• Covid forced historic refinery run cuts in 2020, and though utilization rates remain low, margins are still trending near $0
• Oil demand may take 2-3 years to recover, but the refining sector is set to add >6mn b/d of net capacity over the same period
• Cracks face a long recovery and may cause more refinery closures, yet we see upside to summer 21 RBOB cracks on strong demand
Covid created excess refining capacity, weakened cracks…
Oil demand was up-ended this year as Covid ravaged the globe, causing some of the highest value refined products like gasoline and jet fuel to trade below crude oil prices. Refiners responded quickly to negative cracks and refining margins, cutting runs by roughly 12mn b/d YoY during 2Q20. Even after refiners took such drastic measures, refined product inventories ballooned and now loom over the recovery in the petroleum complex. Refinery margins remain near zero across most regions even as refinery utilization rates remain ~10% below year ago levels.
…yet new refinery starts are set to surge during 2021-23…
As the market ponders how to work though the existing refining capacity overhang, new greenfield refineries are starting up around the globe. From 2021-23, refining capacity is set to rise more than 6mn b/d unless new refinery closures are announced. Most of this capacity growth comes from the Middle East and Asia. Collapsing light-heavy spreads and strong fuel oil and naphtha cracks have leveled the playing field for simple and complex refiners and open up the possibility of closing capacity that was previously advantaged. The current situation, where all refineries are hurting, may draw out the capacity rationalization process.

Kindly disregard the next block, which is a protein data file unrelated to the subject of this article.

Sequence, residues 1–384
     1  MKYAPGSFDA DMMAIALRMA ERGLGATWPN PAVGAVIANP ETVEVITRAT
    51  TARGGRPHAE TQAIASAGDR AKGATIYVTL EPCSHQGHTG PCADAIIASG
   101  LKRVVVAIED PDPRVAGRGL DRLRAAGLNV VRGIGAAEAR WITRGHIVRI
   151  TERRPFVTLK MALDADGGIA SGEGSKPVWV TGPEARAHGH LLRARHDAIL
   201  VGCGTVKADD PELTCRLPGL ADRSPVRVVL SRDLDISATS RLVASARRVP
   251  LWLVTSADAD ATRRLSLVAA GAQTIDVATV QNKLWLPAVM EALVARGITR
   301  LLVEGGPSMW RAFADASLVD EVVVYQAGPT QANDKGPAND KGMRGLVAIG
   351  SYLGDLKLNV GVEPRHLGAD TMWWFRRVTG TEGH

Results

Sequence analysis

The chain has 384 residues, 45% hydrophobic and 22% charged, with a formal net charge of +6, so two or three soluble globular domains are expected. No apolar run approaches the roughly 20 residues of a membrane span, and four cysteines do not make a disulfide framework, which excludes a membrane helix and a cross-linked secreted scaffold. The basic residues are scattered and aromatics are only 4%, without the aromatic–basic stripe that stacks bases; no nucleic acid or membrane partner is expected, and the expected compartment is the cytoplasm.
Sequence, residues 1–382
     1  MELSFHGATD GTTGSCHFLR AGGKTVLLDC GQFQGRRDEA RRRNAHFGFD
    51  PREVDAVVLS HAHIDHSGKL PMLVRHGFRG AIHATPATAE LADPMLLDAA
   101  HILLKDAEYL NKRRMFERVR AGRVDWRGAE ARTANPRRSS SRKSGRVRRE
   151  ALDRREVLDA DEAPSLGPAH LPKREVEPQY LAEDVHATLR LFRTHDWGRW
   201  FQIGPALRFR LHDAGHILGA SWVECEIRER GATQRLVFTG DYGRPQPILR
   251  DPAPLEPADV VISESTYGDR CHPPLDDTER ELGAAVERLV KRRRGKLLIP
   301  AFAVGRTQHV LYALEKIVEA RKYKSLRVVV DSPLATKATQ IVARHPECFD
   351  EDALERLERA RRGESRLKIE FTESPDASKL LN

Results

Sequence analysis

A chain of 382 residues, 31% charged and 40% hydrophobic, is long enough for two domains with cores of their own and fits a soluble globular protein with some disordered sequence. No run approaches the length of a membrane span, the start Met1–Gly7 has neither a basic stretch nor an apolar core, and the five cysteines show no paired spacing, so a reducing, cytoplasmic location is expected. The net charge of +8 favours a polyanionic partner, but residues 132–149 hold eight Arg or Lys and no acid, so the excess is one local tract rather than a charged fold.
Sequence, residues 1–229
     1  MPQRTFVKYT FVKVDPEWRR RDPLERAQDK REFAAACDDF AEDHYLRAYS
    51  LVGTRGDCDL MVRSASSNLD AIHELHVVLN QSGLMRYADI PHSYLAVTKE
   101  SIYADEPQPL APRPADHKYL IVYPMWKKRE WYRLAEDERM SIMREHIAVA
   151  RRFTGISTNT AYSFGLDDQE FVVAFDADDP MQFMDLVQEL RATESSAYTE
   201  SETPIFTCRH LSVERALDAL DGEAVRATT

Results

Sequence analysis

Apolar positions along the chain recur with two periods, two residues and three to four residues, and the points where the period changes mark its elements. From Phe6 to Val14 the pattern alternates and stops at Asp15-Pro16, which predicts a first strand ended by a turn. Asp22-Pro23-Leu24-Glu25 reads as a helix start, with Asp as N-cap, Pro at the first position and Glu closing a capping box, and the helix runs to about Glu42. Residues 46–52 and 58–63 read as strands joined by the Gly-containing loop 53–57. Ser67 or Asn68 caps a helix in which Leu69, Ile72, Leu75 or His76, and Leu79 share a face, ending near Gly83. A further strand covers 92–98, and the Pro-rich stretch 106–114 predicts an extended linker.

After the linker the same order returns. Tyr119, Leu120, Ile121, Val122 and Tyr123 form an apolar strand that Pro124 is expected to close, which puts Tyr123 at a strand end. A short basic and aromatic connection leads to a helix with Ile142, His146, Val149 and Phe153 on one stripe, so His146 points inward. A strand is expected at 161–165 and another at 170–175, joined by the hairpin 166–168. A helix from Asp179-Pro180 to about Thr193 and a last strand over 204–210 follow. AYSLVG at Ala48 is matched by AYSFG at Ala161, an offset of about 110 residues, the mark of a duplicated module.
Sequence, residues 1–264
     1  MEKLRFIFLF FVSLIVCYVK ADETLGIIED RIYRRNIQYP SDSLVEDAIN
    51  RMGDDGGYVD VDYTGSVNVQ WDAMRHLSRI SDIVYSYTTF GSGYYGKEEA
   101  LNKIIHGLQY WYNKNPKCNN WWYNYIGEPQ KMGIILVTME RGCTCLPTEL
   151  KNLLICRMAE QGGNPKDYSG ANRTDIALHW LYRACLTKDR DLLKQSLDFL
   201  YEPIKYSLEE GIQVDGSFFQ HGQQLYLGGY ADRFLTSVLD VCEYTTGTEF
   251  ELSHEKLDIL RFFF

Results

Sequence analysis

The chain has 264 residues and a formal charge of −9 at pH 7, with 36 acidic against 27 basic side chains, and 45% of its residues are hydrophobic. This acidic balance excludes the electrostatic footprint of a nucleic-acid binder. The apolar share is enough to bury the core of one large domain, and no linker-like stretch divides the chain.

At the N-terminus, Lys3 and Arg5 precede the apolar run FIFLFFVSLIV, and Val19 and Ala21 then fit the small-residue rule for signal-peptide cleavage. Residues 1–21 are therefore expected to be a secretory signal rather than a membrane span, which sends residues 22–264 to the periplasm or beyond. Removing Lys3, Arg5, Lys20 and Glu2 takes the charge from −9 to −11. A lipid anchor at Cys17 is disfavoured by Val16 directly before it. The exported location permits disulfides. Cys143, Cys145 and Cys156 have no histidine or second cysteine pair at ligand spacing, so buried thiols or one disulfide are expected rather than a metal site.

…and demand may take 2-3 years just to reach 2019 levels
When the dust settles, 2020 oil demand will have fallen on average nearly 10mn b/d YoY, led by the transport fuels (see Oil demand: down but not yet out). In 2021, we forecast a rather quick rebound in road fuel demand and see a longer recovery for jet fuel. For gasoline, we forecast demand to fall 3mn b/d YoY in 2020 and rebound nearly 5mn b/d in 2021 as people opt to drive over flying or taking public transit. Diesel demand held up relatively well in 2020, but jet fuel will delay the full recovery for middle distillates until 2023. In aggregate, oil demand could take 2-3 years to reach pre-Covid levels, but this will be heavily dependent on when a vaccine is readily available.
Margins face a long recovery path, but gasoline has upside
In Covid's aftermath, we expect diverging trends for refined product cracks. Remarkably strong driving activity next summer should push gasoline cracks above the forward curve. 2021 diesel and gasoil cracks sold off more than $12/bbl since the start of the year and we think they will remain near current depressed levels as the market continues to blend excess jet fuel volumes into the diesel pool. Finally, we expect low sulfur fuel oil cracks (1%) to weaken throughout 2021 as refinery runs continue to recover. However, increasingly complex refinery capacity should limit the growth in fuel oil supply, and so we take a more optimistic view on LSFO cracks versus the forward curve.